For days now people have continued to ask me: Haven’t the cardinals known for almost a month now that they’d have to elect a new pope? Why haven’t they even set a conclave date yet?
Watching from afar — I’m headed over this weekend — my answer has been: “Listen in a little.” Yes, the cardinals have been talking less in recent days, but even that decision of the cardinals reflects the prayerful intensity of their work.
Since many of the cardinal electors have been in Rome for a little over a week now, they’ve been moving deeper into a communion of prayer and deliberation about the needs of the Church. As much fun as it may be to have “Sweet Sistine” brackets and pundit favorites among the cardinals, the goal of the conclave (and these ongoing pre-conclave meetings) is not to find the celebrity cardinal who will most wow the media. The goal is to discern the will of God. And a world of Catholics join them in prayer (even adopting cardinals).
And it would seem that my papal predictions are a little better than my presidential ones. To folks pressing me on when the conclave would start I have increasingly answered, “I suspect you’ll see action near the beginning of next week.” And so it appears.
I’m aware of an American cardinal or two who does have a return ticket before Palm Sunday — it is in everyone’s practical interest to get this process moving forward. But I rather like the retreat the cardinals have gone into in recent days. It reflects Pope Benedict’s move to a life of prayer. It reflects the seriousness of the moment and the opportunities it presents. It reflects the Christian calling itself: to live life in union with Christ.
As for the “shut down” of the U.S. cardinals this week, there remains misunderstanding about it. As George Weigel explained, it wasn’t the Americans who were talking out of school, but leaks from elsewhere to the Italian media. The Americans were doing a wonderful thing, meeting the media that has amassed on Rome and offering them a window into the life of the Church in renewal. But that the cardinals would opt to “maintain an increasing degree of reserve” isn’t at all surprising. I look forward to the American bishops sharing again after the conclave with a hungry media. As someone who has had the opportunity to experience some of the revitalization of the faith in the Catholic Church today and the integrity of some of these men, I was delighted to see the world taking a look at some of the good news in the midst of uncertainty and pain and sadness.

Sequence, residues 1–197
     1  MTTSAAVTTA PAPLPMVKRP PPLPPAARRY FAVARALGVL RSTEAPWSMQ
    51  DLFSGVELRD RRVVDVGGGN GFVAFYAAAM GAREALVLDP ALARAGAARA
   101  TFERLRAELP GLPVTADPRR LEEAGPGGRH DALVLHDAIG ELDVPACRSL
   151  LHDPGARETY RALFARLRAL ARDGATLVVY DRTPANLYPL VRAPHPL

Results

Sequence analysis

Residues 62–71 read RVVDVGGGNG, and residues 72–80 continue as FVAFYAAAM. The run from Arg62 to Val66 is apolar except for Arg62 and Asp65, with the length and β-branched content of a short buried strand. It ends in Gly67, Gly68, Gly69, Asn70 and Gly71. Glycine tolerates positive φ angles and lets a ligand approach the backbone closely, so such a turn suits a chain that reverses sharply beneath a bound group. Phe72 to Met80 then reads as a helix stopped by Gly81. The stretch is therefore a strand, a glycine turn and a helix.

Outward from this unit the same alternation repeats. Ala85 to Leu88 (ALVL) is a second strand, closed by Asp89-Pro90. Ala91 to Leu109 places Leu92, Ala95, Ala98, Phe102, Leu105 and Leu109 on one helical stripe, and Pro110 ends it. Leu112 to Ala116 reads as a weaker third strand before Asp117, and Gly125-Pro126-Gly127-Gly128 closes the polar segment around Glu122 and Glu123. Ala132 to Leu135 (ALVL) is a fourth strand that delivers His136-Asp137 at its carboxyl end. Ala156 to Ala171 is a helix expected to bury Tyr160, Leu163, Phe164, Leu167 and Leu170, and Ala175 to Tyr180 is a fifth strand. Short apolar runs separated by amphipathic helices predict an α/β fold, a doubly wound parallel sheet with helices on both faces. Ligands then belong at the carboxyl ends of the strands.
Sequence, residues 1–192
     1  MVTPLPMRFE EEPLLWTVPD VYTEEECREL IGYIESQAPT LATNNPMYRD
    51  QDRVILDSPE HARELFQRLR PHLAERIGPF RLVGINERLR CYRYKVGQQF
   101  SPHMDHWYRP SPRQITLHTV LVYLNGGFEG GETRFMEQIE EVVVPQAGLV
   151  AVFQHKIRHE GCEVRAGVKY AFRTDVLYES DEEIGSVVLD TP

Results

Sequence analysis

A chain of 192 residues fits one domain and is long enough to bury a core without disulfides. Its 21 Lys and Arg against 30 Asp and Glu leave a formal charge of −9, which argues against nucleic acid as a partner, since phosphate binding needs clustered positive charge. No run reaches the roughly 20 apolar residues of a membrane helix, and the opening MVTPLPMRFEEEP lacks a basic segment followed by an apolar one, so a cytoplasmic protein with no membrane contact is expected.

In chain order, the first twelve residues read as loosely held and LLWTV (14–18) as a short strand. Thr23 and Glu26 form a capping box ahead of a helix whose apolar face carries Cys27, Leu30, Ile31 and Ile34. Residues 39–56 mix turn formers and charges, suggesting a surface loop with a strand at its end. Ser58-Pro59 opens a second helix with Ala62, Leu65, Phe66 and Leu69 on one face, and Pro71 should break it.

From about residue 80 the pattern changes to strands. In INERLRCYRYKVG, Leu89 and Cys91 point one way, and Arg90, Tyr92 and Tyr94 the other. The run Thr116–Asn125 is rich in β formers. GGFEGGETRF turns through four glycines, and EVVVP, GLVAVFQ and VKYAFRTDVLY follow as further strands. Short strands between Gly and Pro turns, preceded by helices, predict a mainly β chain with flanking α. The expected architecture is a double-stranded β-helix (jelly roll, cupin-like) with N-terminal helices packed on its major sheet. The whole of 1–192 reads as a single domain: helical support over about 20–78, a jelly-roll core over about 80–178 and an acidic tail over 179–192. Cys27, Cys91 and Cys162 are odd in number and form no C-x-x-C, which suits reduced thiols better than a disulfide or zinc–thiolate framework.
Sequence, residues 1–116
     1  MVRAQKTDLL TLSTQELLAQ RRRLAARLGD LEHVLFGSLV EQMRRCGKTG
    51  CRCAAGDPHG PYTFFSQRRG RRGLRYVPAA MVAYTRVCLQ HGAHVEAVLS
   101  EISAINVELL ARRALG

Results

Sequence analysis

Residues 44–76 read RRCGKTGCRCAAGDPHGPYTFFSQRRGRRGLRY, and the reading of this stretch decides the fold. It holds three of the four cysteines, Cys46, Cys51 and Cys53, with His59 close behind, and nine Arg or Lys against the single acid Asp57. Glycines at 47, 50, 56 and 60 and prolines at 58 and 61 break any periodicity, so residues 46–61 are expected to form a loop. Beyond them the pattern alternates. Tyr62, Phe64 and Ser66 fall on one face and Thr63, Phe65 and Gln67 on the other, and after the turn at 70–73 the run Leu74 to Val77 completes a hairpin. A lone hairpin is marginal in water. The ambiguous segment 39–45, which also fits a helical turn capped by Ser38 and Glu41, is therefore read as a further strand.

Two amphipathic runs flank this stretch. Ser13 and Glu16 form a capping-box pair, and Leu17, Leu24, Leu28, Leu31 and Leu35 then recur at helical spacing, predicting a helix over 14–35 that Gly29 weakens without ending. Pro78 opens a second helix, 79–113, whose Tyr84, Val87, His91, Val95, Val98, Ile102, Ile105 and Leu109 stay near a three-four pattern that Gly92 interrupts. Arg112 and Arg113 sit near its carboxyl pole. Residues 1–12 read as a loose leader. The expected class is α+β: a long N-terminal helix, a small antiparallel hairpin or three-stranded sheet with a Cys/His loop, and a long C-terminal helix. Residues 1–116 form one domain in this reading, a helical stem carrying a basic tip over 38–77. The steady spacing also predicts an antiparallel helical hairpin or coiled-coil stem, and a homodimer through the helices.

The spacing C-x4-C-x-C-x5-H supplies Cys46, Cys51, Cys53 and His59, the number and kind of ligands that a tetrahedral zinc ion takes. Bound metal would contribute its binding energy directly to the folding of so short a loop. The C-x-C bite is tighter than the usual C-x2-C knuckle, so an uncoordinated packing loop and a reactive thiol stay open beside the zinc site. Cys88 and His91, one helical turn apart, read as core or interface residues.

Cardinal Dolan has been doing his part, filing reports on the Catholic Channel on Sirius XM, and yesterday was no different. He suggested, as others have, that these meetings — during which many cardinals have spoken — might ultimately “expedite” the conclave. And he observed: “It [is] Lent, the time we recall the dying and rising of Jesus. And we’re sort of going through that as a Church, as the world watches.” He reflected, “the Church is ‘dying’ as we kind of mourn the passing of a beloved pope. As we ‘die’ to what we recognize are some of the scandals and sins in the Church that we’ve always had [but] that are particularly under scrutiny now. And then — as we’ll rise to a renewed life at Easter,that’s what Lent is about, but also with the arrival of a new pope — there’s always a sense of renewal and hope that comes in.”
It was an unexpected Lenten reflection the pope gave the world by resigning — I rather prefer the word “unexpected” to “abrupt.” It was not a matter of “quitting,” but of leading and inviting us to a necessary retreat to prayer and reality: that this world is hurting and in need of healing; that those of us who claim to be Christian aren’t always helping but adding to the pain; and that our eternal destiny, even as we seek to build the Kingdom of God here, is not here. The ultimate goal is not position and power or even success but faithfulness.
And so, even with the uncertainty, there is hope. Because the hope offered us doesn’t rely on any one man or any one act; we believe victory has already been won. That, ultimately, is what this interregnum period this Lent is about.
By the way: Have you read Evangelical Catholicism? Get a little bit of it in my conversation with George here and get a sense of the challenges facing the next pope here. I wouldn’t recommend this book so much and so enthusiastically if it didn’t capture this hinge moment in history so well. The choices the Catholic Church makes — and that every individual Catholic makes daily — affect more than just Catholics. We all live in a community, so I know there are ecumenical prayers for this moment, also.